R34.00003: Quantum Hypothesis Testing for NonAbelian Representations Zane Rossi, Isaac Chuang How can prior knowledge of the query set be leveraged to construct efficient protocols for hypothesis testing among quantum channels? Specifically this work addresses the problem of distinguishing multiple unitary quantum channels in the serial adaptive query model under the assumption of known, nontrivial algebraic relations between them. This work shows, by explicit construction, that when the query set faithfully represents a finite subgroup of SU(2) the recently developed technique of quantum signal processing can be applied to build efficient algorithms for quantum multiple hypothesis testing. These algorithms intuitively encode information about the query set and are exponentially more efficient in the instance size than naive reductions to binary hypothesis testing. Moreover, this method illustrates a novel technique for transforming questions in quantum inference to those in the wellunderstood field of functional approximation. We provide generalizations to larger groups, shows robustness to noise, and give indication that, for a rich subset of quantum hypothesis testing, knowledge of the algebraic structure of the query set can be employed to improve algorithmic performance.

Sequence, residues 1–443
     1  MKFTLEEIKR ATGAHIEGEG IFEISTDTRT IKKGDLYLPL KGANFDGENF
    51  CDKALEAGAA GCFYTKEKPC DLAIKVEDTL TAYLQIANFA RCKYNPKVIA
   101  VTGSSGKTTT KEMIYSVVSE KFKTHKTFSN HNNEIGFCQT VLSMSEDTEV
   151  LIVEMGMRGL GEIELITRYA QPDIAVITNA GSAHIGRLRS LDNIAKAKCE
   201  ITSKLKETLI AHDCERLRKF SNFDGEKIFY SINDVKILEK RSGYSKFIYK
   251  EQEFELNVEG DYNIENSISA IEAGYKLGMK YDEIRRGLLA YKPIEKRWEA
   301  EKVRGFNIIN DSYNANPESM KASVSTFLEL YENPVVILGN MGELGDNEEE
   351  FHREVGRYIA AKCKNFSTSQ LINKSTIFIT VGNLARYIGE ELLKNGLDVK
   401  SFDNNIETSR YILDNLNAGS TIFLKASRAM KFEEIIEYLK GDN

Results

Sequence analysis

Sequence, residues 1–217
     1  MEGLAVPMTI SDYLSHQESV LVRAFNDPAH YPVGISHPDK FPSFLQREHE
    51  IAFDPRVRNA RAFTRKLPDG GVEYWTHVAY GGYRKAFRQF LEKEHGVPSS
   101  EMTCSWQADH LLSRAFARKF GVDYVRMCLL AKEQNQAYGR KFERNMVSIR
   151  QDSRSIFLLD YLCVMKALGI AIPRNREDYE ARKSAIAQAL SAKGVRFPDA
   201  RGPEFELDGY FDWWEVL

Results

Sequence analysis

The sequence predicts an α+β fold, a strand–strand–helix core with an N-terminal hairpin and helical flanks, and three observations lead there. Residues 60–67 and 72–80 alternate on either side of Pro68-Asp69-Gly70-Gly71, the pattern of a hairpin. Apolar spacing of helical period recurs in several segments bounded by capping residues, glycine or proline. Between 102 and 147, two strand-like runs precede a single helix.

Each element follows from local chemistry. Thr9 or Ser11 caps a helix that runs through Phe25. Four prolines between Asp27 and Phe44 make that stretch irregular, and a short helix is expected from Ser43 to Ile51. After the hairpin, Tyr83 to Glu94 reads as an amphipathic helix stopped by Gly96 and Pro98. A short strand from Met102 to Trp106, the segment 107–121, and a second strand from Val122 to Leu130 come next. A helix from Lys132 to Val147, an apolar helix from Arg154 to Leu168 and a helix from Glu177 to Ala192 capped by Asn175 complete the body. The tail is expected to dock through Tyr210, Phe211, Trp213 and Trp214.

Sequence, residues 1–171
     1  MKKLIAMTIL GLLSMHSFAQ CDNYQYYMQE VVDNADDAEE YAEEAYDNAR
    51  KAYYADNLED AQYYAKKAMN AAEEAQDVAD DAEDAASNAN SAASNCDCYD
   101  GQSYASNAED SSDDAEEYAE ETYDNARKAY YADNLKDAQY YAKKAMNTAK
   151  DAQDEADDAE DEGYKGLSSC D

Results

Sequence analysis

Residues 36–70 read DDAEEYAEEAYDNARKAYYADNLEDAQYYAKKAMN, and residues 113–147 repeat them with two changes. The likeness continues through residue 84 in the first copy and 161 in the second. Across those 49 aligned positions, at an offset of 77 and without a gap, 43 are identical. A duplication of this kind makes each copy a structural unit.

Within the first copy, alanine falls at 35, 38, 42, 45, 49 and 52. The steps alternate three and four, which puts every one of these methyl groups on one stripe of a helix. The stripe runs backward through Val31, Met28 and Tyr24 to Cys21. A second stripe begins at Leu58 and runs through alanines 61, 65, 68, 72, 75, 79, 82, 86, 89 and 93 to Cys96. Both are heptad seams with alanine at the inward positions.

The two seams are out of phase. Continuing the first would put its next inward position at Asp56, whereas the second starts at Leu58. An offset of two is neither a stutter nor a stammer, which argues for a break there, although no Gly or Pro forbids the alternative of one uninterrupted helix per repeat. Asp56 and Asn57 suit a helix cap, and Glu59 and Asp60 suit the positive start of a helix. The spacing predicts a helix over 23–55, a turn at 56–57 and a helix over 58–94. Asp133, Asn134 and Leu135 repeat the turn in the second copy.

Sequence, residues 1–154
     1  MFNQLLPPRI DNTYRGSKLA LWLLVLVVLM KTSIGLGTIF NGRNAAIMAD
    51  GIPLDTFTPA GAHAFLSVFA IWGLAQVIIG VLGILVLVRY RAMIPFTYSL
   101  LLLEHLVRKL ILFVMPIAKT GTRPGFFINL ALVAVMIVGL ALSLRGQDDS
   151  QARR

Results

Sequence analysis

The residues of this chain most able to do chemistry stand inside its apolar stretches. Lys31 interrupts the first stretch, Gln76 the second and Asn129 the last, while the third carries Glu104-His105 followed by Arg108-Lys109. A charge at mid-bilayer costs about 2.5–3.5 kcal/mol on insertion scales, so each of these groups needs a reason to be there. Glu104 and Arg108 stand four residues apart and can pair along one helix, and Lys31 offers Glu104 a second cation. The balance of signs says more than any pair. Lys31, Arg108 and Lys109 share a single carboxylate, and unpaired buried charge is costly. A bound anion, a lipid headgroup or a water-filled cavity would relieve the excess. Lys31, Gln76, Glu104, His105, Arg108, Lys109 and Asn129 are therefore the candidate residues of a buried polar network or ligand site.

Thursday, March 18, 2021 8:36AM  8:48AM Live 
R34.00004: Quantum LegendreFenchel transform David Sutter, Giacomo Nannicini, Tobias Sutter, Stefan Woerner We present a quantum algorithm to compute the discrete LegendreFenchel transform. Given access to a convex function evaluated at N points, the algorithm outputs a quantummechanical representation of its corresponding discrete LegendreFenchel transform evaluated at K points in the transformed space. For a fixed regular discretizaton of the dual space the expected running time scales as O(κ polylog(N,K)), where κ is the condition number of the function. If the discretization of the dual space is chosen adaptively with K equal to N, the running time reduces to O(polylog(N)). We explain how to extend the presented algorithm to the multivariate setting and prove lower bounds for the query complexity, showing that our quantum algorithm is optimal up to polylogarithmic factors. For certain scenarios, such as computing an expectation value of an efficientlycomputable observable associated with a LegendreFencheltransformed convex function, the quantum algorithm provides an exponential speedup compared to any classical algorithm. 
Thursday, March 18, 2021 8:48AM  9:00AM